Later Divorce and Retirement

While divorce rates are down overall, some North Carolina couples may be statistically more likely to end their marriages than ever before. People over 50 have been getting divorced at an increasing rate since 1990. With the likelihood higher than ever before, married people are advised that getting divorced later can make things difficult financially and have a negative impact on retirement.

Divorce at any age can have a negative impact on income. Statistics show that women have a harder hit to their income after it happens than men, but men have an income decline as well. When divorce comes later, it could create the need to work past retirement age to help with finances.

Another thing that could be considered when a couple is contemplating divorce is health insurance. If a spouse will lose their coverage after divorce, they will be eligible for Medicare at age 65. Delaying divorce until then could provide considerable savings for that spouse. It is also necessary for a marriage to last at least 10 years in order for a spouse to be eligible to collect Social Security benefits based on their ex-spouse’s contributions. Retirement accounts may be split after a divorce, but not necessarily equally. This will in many cases require a qualified domestic relations order, and the tax treatment of withdrawals can differ based upon the age of the recipient and the type of plan.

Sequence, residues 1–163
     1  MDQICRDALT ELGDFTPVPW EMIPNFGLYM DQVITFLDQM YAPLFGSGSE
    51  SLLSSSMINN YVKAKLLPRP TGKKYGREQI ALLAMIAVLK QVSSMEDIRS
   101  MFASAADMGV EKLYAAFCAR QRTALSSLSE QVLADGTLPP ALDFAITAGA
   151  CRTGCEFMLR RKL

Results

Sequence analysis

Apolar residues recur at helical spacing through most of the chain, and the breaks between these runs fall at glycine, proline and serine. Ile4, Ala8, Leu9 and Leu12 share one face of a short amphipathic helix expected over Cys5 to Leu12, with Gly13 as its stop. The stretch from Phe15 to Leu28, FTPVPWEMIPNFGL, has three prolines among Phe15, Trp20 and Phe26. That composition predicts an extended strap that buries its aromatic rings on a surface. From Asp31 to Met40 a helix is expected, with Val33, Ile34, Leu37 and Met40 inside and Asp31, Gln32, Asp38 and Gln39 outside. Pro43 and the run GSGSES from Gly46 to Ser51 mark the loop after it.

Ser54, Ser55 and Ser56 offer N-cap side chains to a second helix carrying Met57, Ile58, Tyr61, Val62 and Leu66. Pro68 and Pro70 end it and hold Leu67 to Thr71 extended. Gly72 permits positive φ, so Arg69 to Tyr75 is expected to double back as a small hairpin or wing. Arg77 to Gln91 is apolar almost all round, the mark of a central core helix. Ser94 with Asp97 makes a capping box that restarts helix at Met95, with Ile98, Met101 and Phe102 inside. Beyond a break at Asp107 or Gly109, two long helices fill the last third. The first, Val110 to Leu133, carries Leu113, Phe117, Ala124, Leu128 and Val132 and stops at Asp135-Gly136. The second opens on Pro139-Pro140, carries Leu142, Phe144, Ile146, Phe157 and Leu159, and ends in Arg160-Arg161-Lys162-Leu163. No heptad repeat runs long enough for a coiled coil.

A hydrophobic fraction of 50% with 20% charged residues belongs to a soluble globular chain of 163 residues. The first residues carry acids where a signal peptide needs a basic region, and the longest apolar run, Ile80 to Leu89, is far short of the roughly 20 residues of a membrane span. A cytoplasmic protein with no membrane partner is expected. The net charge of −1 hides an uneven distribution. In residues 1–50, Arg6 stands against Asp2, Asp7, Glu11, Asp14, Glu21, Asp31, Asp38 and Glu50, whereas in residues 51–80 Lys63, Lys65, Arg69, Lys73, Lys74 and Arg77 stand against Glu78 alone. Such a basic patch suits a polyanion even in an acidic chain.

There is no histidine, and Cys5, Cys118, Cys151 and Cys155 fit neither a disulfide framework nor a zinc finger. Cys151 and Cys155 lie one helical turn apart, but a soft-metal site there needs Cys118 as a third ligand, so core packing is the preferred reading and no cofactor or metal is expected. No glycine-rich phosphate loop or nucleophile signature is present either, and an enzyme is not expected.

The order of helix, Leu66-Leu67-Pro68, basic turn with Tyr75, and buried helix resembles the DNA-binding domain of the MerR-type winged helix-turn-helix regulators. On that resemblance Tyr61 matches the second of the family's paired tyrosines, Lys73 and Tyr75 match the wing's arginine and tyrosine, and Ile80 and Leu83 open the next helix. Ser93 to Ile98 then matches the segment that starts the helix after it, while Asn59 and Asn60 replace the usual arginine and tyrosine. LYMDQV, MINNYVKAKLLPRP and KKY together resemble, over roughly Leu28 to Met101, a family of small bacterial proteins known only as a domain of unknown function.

In North Carolina, it is necessary for an estranged couple to be separated for a year before they can obtain an absolute divorce. That year could be used by the couple to attend mediation sessions and work with their respective attorneys in negotiating settlement terms.